In order to cover the wide range of activities there are three different types of dynamic climbing ropes.
IIn recent decades the demands placed on modern climbing ropes have become more and more varied. Climbing and mountaineering have grown increasingly specialised and attract ever-greater numbers of participants. New disciplines have been created and grade boundaries are being pushed further and further. In order to cover the wide range of activities there are three different types of dynamic climbing ropes.
Single ropes are the most common type of climbing rope. They are the classic climbing rope, as it were. Single ropes come in different lengths and diameters and cover a range of different applications. They are classic sport climbing ropes, for both outdoor and indoor use, and are also used for alpine climbing and mountaineering and by big wall climbers. One of their main advantages is their simple and uncomplicated handling. EDELRID manufactures single ropes in diameters from 8.9 mm to 10.5 mm. They weigh in at 52 to 69 grams per metre. Single ropes with a thicker diameter are generally stronger and can withstand a greater number of falls. However thicker also means heavier. For intensive use, such as working routes or top-roping, there are robust single ropes with a higher sheath proportion.
Twin ropes must always be used in pairs. They only offer standardised safety when used as a pair. It is important that twin ropes are always clipped together into each bolt or piece of protection. They have a lighter weight and a thinner diameter. Twin ropes offer greater safety reserves due to increased redundancy that comes with using two ropes. Twin-rope techniques also provides increased safety due to their significantly greater sharp edge resistance as well as reducing the risk of a total failure (stonefall, breaking over a sharp edge). This is why twin ropes are particularly suited to alpine climbing in demanding terrain or for ice and mixed climbing. Using twin ropes also allows you to abseil twice as far, which means that you can escape from a wall quicker. Twin ropes normally have a diameter of 6.9 to 8 mm and weigh around 40 grams per metre.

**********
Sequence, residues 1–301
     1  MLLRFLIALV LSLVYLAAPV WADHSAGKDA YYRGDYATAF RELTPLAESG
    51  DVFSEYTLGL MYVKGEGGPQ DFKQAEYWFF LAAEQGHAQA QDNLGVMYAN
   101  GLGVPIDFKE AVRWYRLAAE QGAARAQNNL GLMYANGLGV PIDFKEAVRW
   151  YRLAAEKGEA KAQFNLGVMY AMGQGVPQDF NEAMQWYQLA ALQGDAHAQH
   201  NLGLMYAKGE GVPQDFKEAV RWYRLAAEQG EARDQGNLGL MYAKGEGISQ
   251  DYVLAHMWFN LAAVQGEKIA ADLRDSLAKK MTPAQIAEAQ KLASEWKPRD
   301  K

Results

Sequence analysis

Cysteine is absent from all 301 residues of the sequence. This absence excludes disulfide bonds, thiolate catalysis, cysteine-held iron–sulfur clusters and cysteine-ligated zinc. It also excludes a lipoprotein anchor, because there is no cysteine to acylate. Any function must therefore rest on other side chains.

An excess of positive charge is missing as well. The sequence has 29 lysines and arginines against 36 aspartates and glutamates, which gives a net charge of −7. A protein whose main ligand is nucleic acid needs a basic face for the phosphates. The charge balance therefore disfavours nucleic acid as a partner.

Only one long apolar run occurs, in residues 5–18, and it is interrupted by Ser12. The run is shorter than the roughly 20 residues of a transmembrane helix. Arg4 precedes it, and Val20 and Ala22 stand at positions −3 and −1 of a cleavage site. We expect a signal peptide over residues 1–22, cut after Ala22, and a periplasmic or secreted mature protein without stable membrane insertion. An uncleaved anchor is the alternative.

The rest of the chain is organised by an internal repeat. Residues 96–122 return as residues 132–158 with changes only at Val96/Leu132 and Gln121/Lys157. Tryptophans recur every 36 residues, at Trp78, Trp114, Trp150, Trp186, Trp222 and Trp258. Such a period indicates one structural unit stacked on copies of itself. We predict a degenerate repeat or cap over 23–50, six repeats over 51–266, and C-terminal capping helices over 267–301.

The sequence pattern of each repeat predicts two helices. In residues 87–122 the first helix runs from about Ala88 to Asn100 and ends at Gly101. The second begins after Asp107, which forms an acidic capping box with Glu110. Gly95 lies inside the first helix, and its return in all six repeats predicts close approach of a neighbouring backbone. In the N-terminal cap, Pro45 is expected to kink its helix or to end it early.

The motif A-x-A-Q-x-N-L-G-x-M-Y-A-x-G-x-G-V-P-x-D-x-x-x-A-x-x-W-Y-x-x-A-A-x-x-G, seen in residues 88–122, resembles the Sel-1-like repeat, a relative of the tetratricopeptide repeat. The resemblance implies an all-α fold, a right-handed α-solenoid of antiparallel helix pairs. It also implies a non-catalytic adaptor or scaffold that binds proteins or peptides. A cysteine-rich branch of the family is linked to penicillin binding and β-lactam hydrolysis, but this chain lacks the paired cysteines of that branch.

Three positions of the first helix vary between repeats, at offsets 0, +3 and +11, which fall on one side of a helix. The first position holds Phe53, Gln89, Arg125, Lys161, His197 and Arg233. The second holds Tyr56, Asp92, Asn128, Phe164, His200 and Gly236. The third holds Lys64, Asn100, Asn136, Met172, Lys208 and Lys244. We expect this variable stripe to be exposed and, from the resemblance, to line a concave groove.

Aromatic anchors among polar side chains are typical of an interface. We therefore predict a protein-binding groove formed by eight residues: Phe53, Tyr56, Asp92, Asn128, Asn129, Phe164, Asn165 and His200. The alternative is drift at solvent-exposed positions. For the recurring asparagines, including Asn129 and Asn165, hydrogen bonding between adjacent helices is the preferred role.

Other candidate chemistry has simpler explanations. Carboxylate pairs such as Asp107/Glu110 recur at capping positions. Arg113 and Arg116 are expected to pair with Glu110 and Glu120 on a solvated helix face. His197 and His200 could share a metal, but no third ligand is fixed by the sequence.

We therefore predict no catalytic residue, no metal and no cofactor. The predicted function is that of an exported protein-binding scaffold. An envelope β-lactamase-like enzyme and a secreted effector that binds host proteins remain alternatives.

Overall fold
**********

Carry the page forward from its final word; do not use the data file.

Half ropes (also known as double ropes) are designed, like twin ropes, to be used as a pair. The same as twin ropes they also only offer standardised safety when used as a pair. However, unlike twin ropes, half ropes do not need to be clipped together into each bolt or piece of protection. This technique is ideal for poorly protected or zig-zagging routes or for traditional climbing (trad). It allows rope drag to be reduced where protection points are spread out and considerably reduces impact force. It follows that climbing with a pair of half ropes requires using a belay device that allows you to manage two ropes simultaneously, i.e. to be able to pay out and take in both ropes. Half ropes are used for the same activities as twin ropes. They have one important difference – half ropes can be used as a single rope to bring up a second. This is particularly relevant when climbing as a party of three and bringing up two seconds. Half ropes range in diameter from 7.5 to 9 mm and generally weigh from 40 to 50 grams per metre.